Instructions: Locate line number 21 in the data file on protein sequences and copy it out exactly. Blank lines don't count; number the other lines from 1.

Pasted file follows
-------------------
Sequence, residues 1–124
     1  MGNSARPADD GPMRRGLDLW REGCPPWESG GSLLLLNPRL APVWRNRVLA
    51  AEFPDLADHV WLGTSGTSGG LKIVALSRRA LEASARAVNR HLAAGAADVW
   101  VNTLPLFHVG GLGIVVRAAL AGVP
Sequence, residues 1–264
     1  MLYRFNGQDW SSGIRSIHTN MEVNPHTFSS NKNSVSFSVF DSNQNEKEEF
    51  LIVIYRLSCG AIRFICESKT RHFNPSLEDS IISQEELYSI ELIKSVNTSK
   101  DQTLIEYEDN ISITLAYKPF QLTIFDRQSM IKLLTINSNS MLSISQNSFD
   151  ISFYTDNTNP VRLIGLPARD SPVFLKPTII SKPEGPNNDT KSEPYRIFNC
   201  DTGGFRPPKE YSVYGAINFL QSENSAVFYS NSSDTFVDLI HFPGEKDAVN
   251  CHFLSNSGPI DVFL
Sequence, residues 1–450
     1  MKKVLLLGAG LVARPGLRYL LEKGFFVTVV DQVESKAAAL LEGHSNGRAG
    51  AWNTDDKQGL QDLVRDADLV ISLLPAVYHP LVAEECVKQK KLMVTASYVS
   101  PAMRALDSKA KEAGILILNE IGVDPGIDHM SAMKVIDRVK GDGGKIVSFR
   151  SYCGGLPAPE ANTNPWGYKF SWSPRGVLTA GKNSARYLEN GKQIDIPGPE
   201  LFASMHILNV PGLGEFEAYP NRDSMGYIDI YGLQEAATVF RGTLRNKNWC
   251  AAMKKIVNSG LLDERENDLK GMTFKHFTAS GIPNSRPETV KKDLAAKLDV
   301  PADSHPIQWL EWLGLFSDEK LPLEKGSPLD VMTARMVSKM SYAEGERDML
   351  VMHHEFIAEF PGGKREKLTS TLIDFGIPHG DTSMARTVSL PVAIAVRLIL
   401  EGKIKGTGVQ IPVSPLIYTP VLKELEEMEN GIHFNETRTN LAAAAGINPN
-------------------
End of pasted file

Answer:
   401  EGKIKGTGVQ IPVSPLIYTP VLKELEEMEN GIHFNETRTN LAAAAGINPN